*You still have so much to play for in week 17, how important is that for young guys who haven't had a taste of the playoffs while other teams might rest people, these guys are still grinding it out in the last week of the season? *"The good thing about that is it keeps you sharp, you keep your edge, you are playing for something, it is significant. We want to continue to improve, we want to play our best football, especially as we head into the playoffs. The number one goal or first order of business is to win the division before you can start thinking about anything else. We have that opportunity and we control that. I think that's the part that's exciting about this. Obviously, last week was a big win, Christmas and time with your family (was great), now it's time to get back to work and go win this football game."

*I know you don't care about the single season completion percentage record, but you've had the highest career completion percentage for a while. Why do you think you're so accurate and what goes into that? *"I guess I have guys that run good routes and catch the ball, we have a good scheme, we have guys that block. There's so much that goes into that. It's not just one thing or another. I was always told that completions are good, completions are positive plays, and as Marty Schottenheimer used to say, 'you'll never go broke taking a profit."

*Have you noticed some of the statistical similarities between 2009 and 2017? *"No, I have not. In my recollection of that, we were very balanced, we were a top ten team in pass and run, I believe we are now, I don't know the statistics exactly. (We were) top five in points scored, I think we are there as well. I think (we were then and are now) taking care of the football as well. These are all things I know are a winning formula. I don't know exactly how it compares to 2009, but I feel like we've been good in that regard and I feel like we can be even better."

*Was getting back to that balance a conscious focus going into the year? *"Balance has always been a focus, but I think this year we've found some things that we can really hang our hat on. We have a great offensive line that really understands those schemes, the balance between run and pass, the run sets up the pass, the pass sets up the run, they're complementary of one another, and we have two backs that are, obviously, exceptional."

How have you seen Michael Thomas grow and evolve from last year to this year?"He's grown a ton. A lot of guys come in and the term I would use is raw. They are young, they are talented, they have a lot of want to, but they just need to learn how. There is not a guy who thirsts for knowledge more than Mike Thomas. He wants the information, wants to know exactly where to line up, and what is the depth, and what is the timing, and rhythm, and then just understanding and repping it. His work ethic's second to none. It starts there and then it's just experience. As you encounter these things in practice, and then in the game, then it becomes more second nature. It's kind of this ESP that works in because you're able to fall back on those things when maybe in a game and that's something that wasn't in the playbook and on the sideline, you say, 'remember this route, remember this concept, remember how they're playing this, we can attack them this way.' And know you just have to understand it?"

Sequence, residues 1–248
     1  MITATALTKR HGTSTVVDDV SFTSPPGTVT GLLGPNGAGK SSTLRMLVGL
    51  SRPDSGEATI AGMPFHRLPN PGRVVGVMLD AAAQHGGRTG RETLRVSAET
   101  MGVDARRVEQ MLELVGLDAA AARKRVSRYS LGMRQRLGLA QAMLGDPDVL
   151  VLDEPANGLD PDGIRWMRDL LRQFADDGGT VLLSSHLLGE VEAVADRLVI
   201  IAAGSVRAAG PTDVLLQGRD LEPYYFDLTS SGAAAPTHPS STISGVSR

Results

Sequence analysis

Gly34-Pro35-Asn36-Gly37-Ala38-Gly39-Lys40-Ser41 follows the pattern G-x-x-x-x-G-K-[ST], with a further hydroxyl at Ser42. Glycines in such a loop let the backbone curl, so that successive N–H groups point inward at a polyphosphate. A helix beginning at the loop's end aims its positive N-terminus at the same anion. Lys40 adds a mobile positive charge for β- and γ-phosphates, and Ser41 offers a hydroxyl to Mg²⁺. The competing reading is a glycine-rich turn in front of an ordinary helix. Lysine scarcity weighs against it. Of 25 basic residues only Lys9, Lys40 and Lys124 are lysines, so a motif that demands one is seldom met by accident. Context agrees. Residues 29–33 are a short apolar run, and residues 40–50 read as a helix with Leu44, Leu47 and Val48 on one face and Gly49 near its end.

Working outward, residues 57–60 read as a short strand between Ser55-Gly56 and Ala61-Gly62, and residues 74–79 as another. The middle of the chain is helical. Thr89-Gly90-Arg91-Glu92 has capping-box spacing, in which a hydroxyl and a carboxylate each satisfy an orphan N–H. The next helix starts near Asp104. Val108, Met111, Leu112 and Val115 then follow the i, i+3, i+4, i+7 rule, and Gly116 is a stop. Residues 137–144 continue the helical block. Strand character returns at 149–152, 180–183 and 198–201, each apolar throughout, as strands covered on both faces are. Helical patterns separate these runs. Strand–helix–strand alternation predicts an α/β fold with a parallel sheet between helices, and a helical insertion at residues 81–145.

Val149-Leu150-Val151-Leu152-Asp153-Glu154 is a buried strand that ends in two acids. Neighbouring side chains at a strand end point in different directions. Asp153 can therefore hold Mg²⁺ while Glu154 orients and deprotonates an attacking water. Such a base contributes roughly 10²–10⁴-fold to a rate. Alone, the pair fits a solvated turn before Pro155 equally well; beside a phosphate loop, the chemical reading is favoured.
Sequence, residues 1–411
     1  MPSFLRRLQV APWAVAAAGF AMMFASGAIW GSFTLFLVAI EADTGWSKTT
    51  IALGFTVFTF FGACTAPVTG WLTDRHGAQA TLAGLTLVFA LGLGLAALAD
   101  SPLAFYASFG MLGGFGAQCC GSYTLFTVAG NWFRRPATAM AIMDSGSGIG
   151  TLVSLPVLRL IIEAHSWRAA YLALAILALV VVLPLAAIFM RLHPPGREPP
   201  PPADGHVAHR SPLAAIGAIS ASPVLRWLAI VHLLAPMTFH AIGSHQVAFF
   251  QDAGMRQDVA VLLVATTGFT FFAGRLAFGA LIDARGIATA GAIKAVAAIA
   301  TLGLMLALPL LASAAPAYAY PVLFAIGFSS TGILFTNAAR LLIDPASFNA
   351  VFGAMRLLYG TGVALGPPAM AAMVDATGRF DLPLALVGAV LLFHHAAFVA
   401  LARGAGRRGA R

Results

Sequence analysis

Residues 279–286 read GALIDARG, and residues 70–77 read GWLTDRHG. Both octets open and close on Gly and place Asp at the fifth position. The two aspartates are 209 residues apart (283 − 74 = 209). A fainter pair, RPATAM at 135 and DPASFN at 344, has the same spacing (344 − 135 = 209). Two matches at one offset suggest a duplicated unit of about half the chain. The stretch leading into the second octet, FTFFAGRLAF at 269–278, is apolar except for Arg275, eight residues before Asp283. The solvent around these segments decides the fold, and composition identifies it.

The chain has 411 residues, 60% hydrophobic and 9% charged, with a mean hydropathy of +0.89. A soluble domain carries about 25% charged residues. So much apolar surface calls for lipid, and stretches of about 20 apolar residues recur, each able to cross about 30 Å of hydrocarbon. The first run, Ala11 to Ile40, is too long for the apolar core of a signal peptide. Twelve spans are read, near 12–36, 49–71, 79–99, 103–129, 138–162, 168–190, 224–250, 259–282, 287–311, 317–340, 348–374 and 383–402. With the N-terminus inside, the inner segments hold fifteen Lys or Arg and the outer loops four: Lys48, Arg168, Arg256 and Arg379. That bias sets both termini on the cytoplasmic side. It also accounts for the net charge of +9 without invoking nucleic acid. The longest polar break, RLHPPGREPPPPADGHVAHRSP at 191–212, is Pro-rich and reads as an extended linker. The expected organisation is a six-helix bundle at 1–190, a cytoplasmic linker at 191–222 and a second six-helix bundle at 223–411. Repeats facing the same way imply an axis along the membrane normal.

Have you ever seen Alvin Kamara get discouraged at any point and how has he handled that?"I think his demeanor is one that is pretty calm, cool, and collected so I do not think you are ever going to see him too high or too low. He is pretty even keel and I like that. Especially, when it comes to having to face adversity at times or if something does not quite work out the way that you want, or you are frustrated trying to work through a certain technique, or whatever it might be. He has got just kind of a cool nature to him. I think he's a very confident guy, and (he) knows his ability, and knows that if there is something that is missing then we are going to get it, and we will just sit there and work on it until we have it. He's very natural and instinctive when it comes to a lot of the things you are talking about with football type stuff."

This article has been reproduced in a new format and may be missing content or contain faulty links. Please use the Contact Us link in our site footer to report an issue.

Related Content